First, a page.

High resolution, synoptic information on sediment characteristics of intertidal flats is required for coastal management, e.g., for habitat mapping and dredging studies. This study aims to derive such information from space-borne Synthetic Aperture Radar (SAR). Estimates of the backscattering coefficient were extracted from ERS-1 SAR and ERS-2 SAR PRI imagery of four intertidal flats in the Westerschelde (southwest Netherlands). They were related to field measurements of surface roughness, moisture conditions and sediment texture. The field data were also used as input to the backscattering model IEM. The data and model predictions show that on the intertidal flats, backscattering depends mainly on vertical surface roughness, with rougher surfaces associated with more backscattering. Surface roughness, mainly determined by the ripple structure of the bed, decreased with the amount of mud in the sediment. This resulted in a significant negative correlation between backscattering and mud content, and a significant positive correlation between backscattering and median grain-size of the sediment. Sediment texture was also correlated with the volumetric moisture content of the sediment, with finer sediments being associated with higher moisture contents. However, moisture contents were generally high, and therefore the backscatter signal was not sensitive to differences in moisture content. The relationships allowed the development of regression models for the prediction of surface characteristics from SAR imagery, from which maps of, for example, mud content, have been derived. [KEYWORDS: SAR ; Surface roughness ; Mud content ; Sediment grain-size ; Mapping ; Ripple marks]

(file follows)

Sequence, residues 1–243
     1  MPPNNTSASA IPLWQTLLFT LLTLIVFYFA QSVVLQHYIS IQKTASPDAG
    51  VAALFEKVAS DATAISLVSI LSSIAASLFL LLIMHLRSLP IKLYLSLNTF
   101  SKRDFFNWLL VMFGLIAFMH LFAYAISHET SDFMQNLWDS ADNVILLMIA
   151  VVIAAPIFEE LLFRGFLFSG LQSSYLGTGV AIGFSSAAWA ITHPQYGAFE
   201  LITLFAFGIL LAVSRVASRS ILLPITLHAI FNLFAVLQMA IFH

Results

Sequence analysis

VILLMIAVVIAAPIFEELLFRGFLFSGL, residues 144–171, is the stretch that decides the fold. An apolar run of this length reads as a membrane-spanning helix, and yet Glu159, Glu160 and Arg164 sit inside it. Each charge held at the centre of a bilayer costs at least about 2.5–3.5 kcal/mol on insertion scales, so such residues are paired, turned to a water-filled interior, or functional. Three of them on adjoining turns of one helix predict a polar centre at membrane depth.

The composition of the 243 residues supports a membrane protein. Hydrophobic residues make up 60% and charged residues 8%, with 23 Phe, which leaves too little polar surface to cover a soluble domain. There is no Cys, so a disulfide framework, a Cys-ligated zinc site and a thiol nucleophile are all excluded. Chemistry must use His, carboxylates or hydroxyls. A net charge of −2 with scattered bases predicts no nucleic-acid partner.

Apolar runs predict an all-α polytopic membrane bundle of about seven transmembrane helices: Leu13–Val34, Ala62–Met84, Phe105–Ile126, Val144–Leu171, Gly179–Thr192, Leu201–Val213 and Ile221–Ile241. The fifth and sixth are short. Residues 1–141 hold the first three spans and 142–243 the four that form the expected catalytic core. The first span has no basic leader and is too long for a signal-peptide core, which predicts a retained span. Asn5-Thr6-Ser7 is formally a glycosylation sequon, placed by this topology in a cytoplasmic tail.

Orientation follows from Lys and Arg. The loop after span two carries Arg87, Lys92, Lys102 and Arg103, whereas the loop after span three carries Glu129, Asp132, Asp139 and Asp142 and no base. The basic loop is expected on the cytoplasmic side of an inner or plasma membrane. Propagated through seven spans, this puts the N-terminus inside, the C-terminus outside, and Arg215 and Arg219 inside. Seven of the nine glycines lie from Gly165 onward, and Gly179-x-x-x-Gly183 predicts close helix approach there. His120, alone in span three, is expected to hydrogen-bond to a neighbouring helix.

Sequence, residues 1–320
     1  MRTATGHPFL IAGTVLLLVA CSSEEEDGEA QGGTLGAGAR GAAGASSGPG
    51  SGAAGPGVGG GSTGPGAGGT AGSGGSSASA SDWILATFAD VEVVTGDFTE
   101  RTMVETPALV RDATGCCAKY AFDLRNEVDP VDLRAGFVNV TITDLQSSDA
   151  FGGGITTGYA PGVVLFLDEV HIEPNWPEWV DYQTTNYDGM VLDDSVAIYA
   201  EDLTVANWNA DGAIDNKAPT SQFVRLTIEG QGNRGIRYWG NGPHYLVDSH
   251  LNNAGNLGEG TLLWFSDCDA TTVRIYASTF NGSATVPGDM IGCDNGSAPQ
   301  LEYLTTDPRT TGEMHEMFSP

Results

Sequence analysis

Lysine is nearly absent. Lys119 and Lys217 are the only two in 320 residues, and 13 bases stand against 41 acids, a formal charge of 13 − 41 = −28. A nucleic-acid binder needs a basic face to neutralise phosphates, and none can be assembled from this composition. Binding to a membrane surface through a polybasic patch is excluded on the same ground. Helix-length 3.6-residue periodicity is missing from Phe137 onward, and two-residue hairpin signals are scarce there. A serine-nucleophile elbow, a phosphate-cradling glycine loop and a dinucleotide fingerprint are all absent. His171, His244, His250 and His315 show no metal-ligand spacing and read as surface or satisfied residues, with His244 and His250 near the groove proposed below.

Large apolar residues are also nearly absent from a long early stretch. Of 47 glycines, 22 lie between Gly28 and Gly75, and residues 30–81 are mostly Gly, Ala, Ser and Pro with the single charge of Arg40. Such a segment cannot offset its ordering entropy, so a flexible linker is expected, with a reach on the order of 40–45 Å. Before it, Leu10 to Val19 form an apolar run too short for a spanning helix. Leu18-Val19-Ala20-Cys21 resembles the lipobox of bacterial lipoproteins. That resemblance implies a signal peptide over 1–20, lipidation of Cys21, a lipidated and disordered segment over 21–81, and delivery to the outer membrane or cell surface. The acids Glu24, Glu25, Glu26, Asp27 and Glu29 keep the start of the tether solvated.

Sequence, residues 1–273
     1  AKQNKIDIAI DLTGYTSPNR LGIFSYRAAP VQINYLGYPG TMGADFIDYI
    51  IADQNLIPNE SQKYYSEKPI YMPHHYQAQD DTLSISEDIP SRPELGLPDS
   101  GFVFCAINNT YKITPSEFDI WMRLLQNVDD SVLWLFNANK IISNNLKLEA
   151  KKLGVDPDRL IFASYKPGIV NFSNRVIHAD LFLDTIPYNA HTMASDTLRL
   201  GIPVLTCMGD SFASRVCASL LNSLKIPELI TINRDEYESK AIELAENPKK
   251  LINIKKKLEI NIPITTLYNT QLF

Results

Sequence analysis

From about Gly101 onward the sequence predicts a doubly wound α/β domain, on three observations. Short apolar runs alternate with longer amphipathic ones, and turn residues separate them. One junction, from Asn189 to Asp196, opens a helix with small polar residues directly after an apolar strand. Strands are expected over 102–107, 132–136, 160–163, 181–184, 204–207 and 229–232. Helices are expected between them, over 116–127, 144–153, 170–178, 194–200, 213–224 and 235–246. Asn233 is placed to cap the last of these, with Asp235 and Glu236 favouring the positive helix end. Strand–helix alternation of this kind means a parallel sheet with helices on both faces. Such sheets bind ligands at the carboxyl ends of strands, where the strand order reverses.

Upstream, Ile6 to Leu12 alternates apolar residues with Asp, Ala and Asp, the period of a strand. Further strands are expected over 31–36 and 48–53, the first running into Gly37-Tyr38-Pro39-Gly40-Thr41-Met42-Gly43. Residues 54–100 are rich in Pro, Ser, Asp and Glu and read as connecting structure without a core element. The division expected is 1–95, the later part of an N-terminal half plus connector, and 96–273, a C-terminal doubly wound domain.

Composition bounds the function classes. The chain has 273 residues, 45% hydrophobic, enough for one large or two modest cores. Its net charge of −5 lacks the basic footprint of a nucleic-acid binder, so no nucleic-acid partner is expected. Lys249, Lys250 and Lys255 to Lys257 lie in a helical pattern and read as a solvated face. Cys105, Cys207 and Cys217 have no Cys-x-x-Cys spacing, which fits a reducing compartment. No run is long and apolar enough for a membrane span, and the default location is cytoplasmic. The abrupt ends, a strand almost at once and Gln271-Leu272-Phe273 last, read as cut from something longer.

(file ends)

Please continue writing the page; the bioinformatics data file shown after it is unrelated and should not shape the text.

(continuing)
Original languageEnglish
JournalRemote Sensing of Environment
Journal publication date2005

ID: 279526